Founder of neobank company on the importance of picking the right sponsor bank
- Let’s start with the market landscape. We see issuer processor focused providers, such as Lithic, Bay1, and all in one platform, such as Bond, Productfy, Unit, which integrate with third-party providers like Marqeta and then the FinTech would just only speak with this layer without managing other technical and regulatory elements. What differentiates these two types of providers, the vertical issuer processors versus the platform providers?
- Would the issuer processor integrate with Modern Treasury to provide that service?
- In terms of how these providers differentiate themselves, I'm hearing there's a differentiation to how much exposure the FinTech wants to have with the bank…
- Why is having a direct relationship with the sponsoring bank important?
- If you are starting out today and looking for a BaaS platform, given the increasing activity in the space, how would you select and decide who would be an ideal BaaS partner?
- What allows faster speed to market and what could impede it?
- In terms of interchange, if we're looking at the consumer segment, broadly speaking, we start with 1.35% interchange for the whole value chain…
- How's the interchange split between the FinTech and the BaaS platforms currently? How do you see this dynamic evolve in the future as the tech scales?
- How do you see the competition play out in the long term?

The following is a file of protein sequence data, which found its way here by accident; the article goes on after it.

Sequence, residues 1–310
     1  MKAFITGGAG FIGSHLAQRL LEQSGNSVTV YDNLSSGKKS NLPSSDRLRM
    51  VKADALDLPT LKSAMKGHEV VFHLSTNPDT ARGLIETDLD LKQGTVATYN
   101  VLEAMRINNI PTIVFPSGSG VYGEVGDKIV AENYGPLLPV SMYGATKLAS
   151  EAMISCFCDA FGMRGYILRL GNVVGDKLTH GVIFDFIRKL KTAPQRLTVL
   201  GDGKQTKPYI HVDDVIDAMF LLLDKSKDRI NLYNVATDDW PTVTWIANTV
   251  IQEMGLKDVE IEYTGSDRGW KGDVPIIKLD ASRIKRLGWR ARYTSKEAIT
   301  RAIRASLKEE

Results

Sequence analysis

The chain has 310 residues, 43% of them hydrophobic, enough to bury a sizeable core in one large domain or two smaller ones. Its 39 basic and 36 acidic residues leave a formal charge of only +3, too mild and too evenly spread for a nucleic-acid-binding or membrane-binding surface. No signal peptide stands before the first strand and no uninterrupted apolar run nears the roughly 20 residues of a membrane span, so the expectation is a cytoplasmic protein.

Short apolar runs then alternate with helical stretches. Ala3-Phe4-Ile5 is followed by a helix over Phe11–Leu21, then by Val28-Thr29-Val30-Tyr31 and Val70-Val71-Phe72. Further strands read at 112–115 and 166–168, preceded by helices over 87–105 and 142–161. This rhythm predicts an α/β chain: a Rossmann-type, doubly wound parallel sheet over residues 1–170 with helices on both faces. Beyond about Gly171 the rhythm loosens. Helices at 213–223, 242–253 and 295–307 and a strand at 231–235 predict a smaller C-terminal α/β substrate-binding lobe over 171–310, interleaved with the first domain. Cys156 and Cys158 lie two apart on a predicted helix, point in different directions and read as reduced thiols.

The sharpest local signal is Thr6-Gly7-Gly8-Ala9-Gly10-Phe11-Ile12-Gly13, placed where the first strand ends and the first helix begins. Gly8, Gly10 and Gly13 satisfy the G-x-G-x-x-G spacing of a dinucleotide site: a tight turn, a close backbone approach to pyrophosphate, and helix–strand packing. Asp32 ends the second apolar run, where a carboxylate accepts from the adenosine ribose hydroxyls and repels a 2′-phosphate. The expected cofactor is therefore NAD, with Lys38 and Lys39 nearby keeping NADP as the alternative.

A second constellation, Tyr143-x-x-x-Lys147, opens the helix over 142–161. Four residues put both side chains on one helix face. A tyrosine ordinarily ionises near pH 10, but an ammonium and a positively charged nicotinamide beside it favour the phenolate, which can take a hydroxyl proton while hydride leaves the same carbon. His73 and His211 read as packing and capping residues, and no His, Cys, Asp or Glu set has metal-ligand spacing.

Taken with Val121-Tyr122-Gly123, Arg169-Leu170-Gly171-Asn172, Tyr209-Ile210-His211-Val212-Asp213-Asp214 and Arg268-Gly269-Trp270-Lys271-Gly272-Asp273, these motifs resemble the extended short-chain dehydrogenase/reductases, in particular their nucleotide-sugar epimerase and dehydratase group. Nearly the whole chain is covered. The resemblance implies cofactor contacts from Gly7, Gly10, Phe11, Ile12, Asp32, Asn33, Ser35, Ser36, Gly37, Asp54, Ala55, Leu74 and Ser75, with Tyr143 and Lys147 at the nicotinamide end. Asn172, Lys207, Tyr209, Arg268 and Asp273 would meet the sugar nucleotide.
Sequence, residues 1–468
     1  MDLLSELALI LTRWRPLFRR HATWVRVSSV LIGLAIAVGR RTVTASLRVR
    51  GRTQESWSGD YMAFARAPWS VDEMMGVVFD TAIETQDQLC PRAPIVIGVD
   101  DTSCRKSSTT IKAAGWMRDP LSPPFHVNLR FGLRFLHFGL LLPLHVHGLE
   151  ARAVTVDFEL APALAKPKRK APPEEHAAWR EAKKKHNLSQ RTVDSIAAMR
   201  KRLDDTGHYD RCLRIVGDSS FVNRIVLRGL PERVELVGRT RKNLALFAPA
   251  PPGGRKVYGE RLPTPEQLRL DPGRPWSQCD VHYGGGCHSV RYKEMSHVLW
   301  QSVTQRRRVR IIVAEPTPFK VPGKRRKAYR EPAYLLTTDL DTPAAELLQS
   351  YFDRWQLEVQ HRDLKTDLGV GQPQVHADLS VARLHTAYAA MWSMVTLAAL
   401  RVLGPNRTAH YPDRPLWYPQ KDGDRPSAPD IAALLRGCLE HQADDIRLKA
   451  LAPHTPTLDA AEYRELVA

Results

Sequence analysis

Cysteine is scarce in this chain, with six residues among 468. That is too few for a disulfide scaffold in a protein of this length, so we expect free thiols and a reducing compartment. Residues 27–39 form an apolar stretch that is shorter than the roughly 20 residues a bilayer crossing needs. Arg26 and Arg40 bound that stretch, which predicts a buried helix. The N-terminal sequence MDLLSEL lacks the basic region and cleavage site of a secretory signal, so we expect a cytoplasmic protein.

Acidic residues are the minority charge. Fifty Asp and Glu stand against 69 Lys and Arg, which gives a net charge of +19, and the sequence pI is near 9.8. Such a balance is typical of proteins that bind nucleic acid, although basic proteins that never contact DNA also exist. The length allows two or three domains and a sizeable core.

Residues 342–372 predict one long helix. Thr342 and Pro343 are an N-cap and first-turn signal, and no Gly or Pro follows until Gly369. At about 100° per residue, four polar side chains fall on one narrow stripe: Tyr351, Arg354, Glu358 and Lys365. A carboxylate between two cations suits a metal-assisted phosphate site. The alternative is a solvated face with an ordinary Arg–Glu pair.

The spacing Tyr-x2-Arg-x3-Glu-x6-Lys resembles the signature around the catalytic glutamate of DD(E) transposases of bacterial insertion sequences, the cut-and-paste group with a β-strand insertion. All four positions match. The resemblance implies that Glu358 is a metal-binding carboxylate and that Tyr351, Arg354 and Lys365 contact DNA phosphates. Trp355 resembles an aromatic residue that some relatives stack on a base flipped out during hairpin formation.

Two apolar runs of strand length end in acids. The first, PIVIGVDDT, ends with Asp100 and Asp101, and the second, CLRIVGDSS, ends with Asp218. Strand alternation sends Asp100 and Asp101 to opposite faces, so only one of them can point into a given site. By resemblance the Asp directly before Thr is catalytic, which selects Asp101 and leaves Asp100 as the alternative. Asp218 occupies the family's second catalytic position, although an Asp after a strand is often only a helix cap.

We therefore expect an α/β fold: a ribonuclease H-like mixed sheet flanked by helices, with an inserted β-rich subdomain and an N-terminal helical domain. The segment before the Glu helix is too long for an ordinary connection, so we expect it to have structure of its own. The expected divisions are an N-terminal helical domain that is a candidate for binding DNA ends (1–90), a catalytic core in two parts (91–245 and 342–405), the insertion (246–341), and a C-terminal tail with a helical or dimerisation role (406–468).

- Is there anything that you think is important and we haven't talked?
- What else is important in selecting a customer base?
Let’s start with the market landscape. We see issuer processor focused providers, such as Lithic, Bay1, and all in one platform, such as Bond, Productfy, Unit, which integrate with third-party providers like Marqeta and then the FinTech would just only speak with this layer without managing other technical and regulatory elements. What differentiates these two types of providers, the vertical issuer processors versus the platform providers?
Guest: I will say that the truth is the lines have been blurring a lot recently. I would say the biggest thing you'll notice is that either of these vertical, like issuer processor only platforms are trying to step more into BaaS-like features whether or not they've actually succeeded.
Galileo, as an issuer processor, was one of the first to really step into being more of a BaaS service with their instant program, which was not very well run. And I think they ran into issues with their bank or provider. We've seen a couple of companies switch out of that program and a good number of people have abandoned it. They seem to have failed to deliver on their promises.